Dr Sarah Pear­son


Along the way she was head of Open In­no­va­tion at Cad­bury, a con­sul­tant for high tech com­pa­nies at Mckin­sey &Co, and set up the Can­berra In­no­va­tion Net­work be­fore be­ing hand picked to wear two im­por­tant hats within Aus­tralia's Depart­ment of For­eign Af­fairs and Trade (DFAT). In 2015, Dr Pear­son was part of an In­ter­na­tional Ref­er­ence Group that helped es­tab­lish DFAT'S in­no­va­tionx­change pro­gram af­ter then-for­eign Min­is­ter, Julie Bishop, de­cided she wanted to in­ject in­no­va­tion into Aus­tralia's aid pro­gram. In 2018, she was asked to for­mally join DFAT to take the reins of the pro­gram and to fill the dual roles of Chief In­no­va­tion Of­fi­cer and the depart­ment's Chief Sci­en­tist. AQ chats to one of the coun­try's lead­ing in­no­va­tion ex­perts on the grow­ing im­por­tance of sci­ence and tech­nol­ogy to the Aus­tralian govern­ment's diplo­matic arm and how they can be used for aid, re­la­tion­ship build­ing and to achieve Agenda 2030.

Some peo­ple might won­der what a par­ti­cle physi­cist is do­ing in For­eign Af­fairs. Why is Sci­ence, Tech­nol­ogy and In­no­va­tion (STI) of in­ter­est to the diplo­matic arm of the govern­ment?

From a for­eign pol­icy per­spec­tive STI is a value propo­si­tion that we can utilise for part­ner­ships with other coun­tries. We can use STI as door open­ers, to be able to say to peo­ple over­seas: “Yes, we have a mod­ern, cre­ative, in­no­va­tion­based econ­omy”. That helps build trust which you can then build on to open doors for other con­ver­sa­tions.

This is, in essence, sci­ence diplo­macy - how can we tell the story of the great sci­ence, tech­nol­ogy and in­no­va­tion that we have in Aus­tralia. This, again, builds trust, builds cred­i­bil­ity and changes peo­ple's view of Aus­tralia. I think at the mo­ment there are a num­ber of coun­tries that think we are just a source of re­sources and great beaches.

But ac­tu­ally we have an in­no­va­tive econ­omy and world-class re­search that we need to be telling peo­ple more about.

What role do you play in this at DFAT?

I have both the Chief In­no­va­tion Of­fi­cer and Chief Sci­en­tist hats, as an ex­pert rather than a tra­di­tional pub­lic ser­vant, and as such I pro­vide a voice for, and con­nec­tiv­ity to, sci­ence and in­no­va­tion in DFAT. For me, that's very much the op­ti­mistic per­spec­tive, lead­ing on the op­por­tu­nity per­spec­tive around sci­ence and in­no­va­tion.

For the coun­tries we en­gage with, the big piece of work I par­tic­u­larly en­joy is help­ing coun­tries in the Indo-pa­cific to build Sti-based economies for so­cial

If 75% of fu­ture high-growth jobs need STEM and 65% of those jobs don’t even ex­ist yet, women are go­ing to miss out on both those fronts if we don’t en­sure they have ac­cess to op­por­tu­ni­ties now.

and eco­nomic im­pact. For ex­am­ple, at DFAT'S in­no­va­tionx­change, we run a pro­gram called Scal­ing Fron­tier In­no­va­tion, where we're help­ing to build the so­cial en­trepreneur­ship in­fra­struc­ture across the Indo-pa­cific.

The pro­gram builds the ca­pa­bil­ity of 31 ac­cel­er­a­tors in 19 coun­tries across the Indo-pa­cific. We have con­nected them with global best prac­tice and tai­lored spe­cific pro­grams for each one to help build them into world-class ac­cel­er­a­tors.

You helped es­tab­lish DFAT’S in­no­va­tionx­change and now you over­see it di­rectly, what has this pro­gramme achieved?

Since 2015, the in­no­va­tionx­change has run 11 global chal­lenges us­ing an open in­no­va­tion ap­proach, and we've ac­cessed 3000 ideas, in­vest­ing in just over 140 of those ideas, which are hav­ing an im­pact in 56 coun­tries. We find en­trepreneur­s around the world who can solve so­cial chal­lenges and we help and em­power them to build so­cial so­lu­tions us­ing a com­mer­cial model.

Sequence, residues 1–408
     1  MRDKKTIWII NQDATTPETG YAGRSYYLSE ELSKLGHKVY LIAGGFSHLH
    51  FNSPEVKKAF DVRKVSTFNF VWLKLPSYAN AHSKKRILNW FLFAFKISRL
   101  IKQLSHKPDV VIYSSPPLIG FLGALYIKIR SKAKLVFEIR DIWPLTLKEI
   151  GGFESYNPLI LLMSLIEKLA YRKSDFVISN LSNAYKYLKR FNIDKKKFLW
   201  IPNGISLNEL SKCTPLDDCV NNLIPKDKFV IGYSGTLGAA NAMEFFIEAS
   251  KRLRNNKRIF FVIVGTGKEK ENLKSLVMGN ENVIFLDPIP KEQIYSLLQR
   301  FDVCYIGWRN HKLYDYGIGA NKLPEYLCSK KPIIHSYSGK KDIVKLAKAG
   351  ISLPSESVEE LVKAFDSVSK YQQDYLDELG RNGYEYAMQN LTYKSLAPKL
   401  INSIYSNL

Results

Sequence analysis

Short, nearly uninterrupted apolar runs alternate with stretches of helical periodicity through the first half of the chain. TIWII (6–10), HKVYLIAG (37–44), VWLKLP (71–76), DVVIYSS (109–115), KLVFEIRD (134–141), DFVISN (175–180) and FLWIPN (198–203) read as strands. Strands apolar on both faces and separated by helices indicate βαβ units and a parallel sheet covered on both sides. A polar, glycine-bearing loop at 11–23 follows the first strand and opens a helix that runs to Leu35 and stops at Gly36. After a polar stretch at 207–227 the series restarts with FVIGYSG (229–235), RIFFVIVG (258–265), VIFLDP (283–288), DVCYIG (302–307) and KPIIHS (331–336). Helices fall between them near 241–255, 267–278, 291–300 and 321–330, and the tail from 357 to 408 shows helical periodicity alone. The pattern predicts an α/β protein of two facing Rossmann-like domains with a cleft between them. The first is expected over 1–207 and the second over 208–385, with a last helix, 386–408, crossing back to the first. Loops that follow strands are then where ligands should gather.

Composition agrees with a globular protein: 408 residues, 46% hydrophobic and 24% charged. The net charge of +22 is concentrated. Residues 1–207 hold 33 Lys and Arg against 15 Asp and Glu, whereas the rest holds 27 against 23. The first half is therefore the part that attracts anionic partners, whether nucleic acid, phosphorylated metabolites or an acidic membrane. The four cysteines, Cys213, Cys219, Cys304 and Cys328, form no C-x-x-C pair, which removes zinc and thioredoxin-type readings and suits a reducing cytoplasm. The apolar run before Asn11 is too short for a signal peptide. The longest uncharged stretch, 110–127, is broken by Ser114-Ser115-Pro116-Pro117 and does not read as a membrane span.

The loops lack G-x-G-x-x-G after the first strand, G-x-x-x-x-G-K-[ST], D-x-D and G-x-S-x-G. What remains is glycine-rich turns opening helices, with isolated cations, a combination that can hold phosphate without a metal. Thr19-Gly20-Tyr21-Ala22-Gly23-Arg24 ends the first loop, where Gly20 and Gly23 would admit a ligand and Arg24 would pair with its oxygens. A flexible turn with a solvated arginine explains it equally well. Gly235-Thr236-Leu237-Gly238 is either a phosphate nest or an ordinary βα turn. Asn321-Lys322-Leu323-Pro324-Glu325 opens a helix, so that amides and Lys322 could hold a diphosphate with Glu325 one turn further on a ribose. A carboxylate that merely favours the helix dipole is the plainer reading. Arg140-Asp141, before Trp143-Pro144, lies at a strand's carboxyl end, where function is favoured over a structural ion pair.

We've also in­vested in the Global In­no­va­tion Fund, which is a $200 mil­lion im­pact-first ven­ture cap­i­tal fund, and a part­ner­ship be­tween us, the US, the UK, Canada, Swe­den and the Omid­yar net­work.

And for ev­ery dol­lar we've in­vested, the start-ups have crowded in an ad­di­tional 4.3 dol­lars of in­vest­ment. There's not enough money around to reach the Sus­tain­able De­vel­op­ment Goals (SDGS) so by lever­ag­ing other peo­ple's re­sources from a wide range of sec­tors, we are giv­ing our­selves a greater chance of achiev­ing Agenda 2030.

Do you have any pro­jects of your own that you’re keen to im­ple­ment in the role?

The Scal­ing Fron­tier In­no­va­tion pro­gram is some­what of a legacy piece for me. I sug­gested it when I was a mem­ber of Julie Bishop's In­ter­na­tional Ref­er­ence Group and the team here took it up.

But I'd re­ally like to talk about gen­der. For in­stance, in the work we do around the Scal­ing Fron­tier In­no­va­tion pro­gram, we have en­sured a gen­der lens is used on all of the pro­grams we de­liver. We're acutely aware that not only are women un­der-rep­re­sented in sci­ence, they are also un­der-rep­re­sented in en­trepreneur­ship.

If 75% of fu­ture high-growth jobs need STEM and 65% of those jobs don't even ex­ist yet, women are go­ing to miss out on both those fronts if we don't en­sure they have ac­cess to op­por­tu­ni­ties now.

But do­mes­ti­cally, we're pretty ex­cited in Aus­tralia be­cause we have a Chief Sci­en­tist in CSIRO who's a woman, the Depart­ment of In­dus­try has a fe­male Min­is­ter, in De­fence we have a fe­male Min­is­ter and a fe­male Chief Sci­en­tist, and here in DFAT we have a fe­male Chief Sci­en­tist and a fe­male Min­is­ter.

There's been a lot of work done to en­cour­age women into sci­ence but the role model piece is re­ally im­por­tant. It's im­por­tant to show that, yes, you can be in lead­er­ship in sci­ence and be a woman, and ac­tu­ally be a woman.

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